Download in PDF

The textile industry employs millions of people in developing countries. Yet its economic model (pressure on costs and lead times, large volumes, frequent renewal of collections, low prices) leads to a number of human rights violations in the workplace. Legislation is gradually being introduced to hold companies in the sector accountable and allow them to participate fully in the development of the countries where they are located.

e textile industry is a major source of employment in developing countries. While it has pulled several million workers out of extreme poverty – including women workers who make up 85% of the global workforce in the sector –, these workers have swelled the ranks of poor workers around the world. The extension of value chains, driven by liberal globalization, outsourcing by multinational companies seeking lower production costs, the lack of regulation, and overconfidence in the proactive action of companies have also led to persistent systemic violations of fundamental rights in the workplace. Both nationally and internationally, binding legislation called for by consumers and civil society is being introduced and should eventually be critical to the emergence of a responsible industry.

This is an essential move, as subcontracting in the garment industry has led to a widespread deterioration in working conditions and wage stagnation in production countries. The end of the Multifibre Arrangement in 20051 completed the liberalization of the sector and accelerated competition between workers and social dumping. Human rights in the workplace, which are in particular governed by the conventions of the International Labour Organization (ILO), are frequently violated.

WIDESPREAD VIOLATIONS OF HUMAN RIGHTS IN THE WORKPLACE

The collapse of Rana Plaza2 in Bangladesh in 2013 is emblematic of the broken promises of the clothing industry. With a very cheap labor force and a substantial production capacity, in the 2000s the country became the new El Dorado for international ordering parties.3 Still today, the minimum wage in the sector remains one of the lowest in the world (USD 80 a month). The tragedy of Rana Plaza calls into question the relevance of development models, as instead of investing in an industry creating well-paying jobs, Bangladesh, encouraged by bilateral free trade agreements, has based its comparative advantage on the cost of its labor. Indeed, while the textile sector accounted for 45% of industrial employment in 2012, its contribution to the country’s national income only stood at 5%. This model shows the limits of the hyperspecialization of countries, driven by liberal globalization, in sectors with low added value focused on export.

The persistent and widespread violations of human rights in the workplace in the subcontracting countries of the textile industry demonstrate the failure of Corporate Social Responsibility (CSR) policies. The tragedy of Rana Plaza happened almost 20 years after the widespread adoption of codes of conduct and social audits, triggered by the Nike scandal in 1996.4 The non-binding codes of conduct of the major international ordering parties generally shift the risk and responsibility onto third parties, the supplier or subcontractor. By refusing to interfere with the highly lucrative economic model of the sector – pressure on costs and lead times, just-in-time production, volumes, etc. – the proactive initiatives of CSR have therefore only led to minor improvements.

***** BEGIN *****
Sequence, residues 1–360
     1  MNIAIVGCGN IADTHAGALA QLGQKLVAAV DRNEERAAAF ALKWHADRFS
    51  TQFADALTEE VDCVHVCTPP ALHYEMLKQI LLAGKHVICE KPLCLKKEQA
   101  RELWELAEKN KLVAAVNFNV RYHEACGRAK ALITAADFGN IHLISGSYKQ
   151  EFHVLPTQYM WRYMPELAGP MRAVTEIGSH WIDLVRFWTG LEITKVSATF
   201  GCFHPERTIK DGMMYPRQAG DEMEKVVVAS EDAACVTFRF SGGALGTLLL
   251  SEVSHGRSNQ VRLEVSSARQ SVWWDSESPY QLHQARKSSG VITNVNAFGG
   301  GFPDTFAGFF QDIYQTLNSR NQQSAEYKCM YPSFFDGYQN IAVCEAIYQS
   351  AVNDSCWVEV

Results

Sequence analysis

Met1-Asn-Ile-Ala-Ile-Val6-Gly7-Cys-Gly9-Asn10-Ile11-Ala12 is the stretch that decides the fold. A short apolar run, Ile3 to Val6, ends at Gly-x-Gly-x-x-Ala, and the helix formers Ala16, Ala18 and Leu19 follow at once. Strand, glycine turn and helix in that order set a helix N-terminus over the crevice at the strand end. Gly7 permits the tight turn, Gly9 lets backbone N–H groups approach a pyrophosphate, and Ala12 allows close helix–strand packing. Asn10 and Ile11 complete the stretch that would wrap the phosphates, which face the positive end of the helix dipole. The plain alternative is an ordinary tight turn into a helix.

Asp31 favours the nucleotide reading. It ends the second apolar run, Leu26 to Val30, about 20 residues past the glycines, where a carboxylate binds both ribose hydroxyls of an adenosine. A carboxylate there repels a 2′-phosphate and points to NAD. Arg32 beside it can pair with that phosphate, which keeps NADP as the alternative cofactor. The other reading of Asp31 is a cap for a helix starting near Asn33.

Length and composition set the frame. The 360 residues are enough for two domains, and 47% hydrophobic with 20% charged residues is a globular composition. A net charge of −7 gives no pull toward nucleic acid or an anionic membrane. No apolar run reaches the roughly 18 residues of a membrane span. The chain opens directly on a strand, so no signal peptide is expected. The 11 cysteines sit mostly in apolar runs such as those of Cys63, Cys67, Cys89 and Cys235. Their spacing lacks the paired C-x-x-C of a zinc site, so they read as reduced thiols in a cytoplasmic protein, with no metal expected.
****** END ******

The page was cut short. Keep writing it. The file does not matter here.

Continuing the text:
It is today essential to introduce binding rules to bring about a responsible industry.

Furthermore, poverty wages are the norm in production countries and are well below the living wage that allows workers to provide for their basic needs and those of their family (accommodation, health, food, education, transport, savings, etc.). According to the Fair Wage Network, regardless of the living wage indicator selected, the minimum wages in textile producing countries are two to five times lower than the living wage. Poverty wages are intrinsically linked to the current economic model of the garment industry. It is based on the production of constantly renewed low-cost collections – fast fashion –, which therefore have a low production cost.

The news constantly reminds us of the violations of workers’ rights in the sector. For example, in 2019, in its Uyghurs for Sale report,5 the think tank Australian Strategy Policy Institute (ASPI) revealed the existence of Uyghur forced laborers manufacturing clothes in China for leading retailers on the Western market. In addition, the Covid-19 pandemic has given a reminder of the extreme vulnerability of textile industry workers: in Asia, many millions of them,6 with no wages following the cancellation of orders, are on the verge of famine.

Consequently, the capacity of the sector to contribute to the empowerment of people in developing countries is legitimately called into question. It is today essential to introduce binding rules to bring about a responsible industry.

A BINDING FRAMEWORK TO CHANGE THE MODEL

Faced with the lack of proactive measures to prevent violations of fundamental rights and the environment, there is growing consensus on the need for binding regulations, but many economic players are still opposed to this.

In this context, the current lack of legal responsibility between the ordering party and its subcontracting chain is an aberration.7 French law on the duty of vigilance of parent companies and contracting companies, adopted in March 2017, provides an initial response to this shortcoming. It is based on the UN Guiding Principles on Business and Human Rights. Adopted in 2011, they establish the responsibility of countries to protect people from violations related to economic activities and the responsibility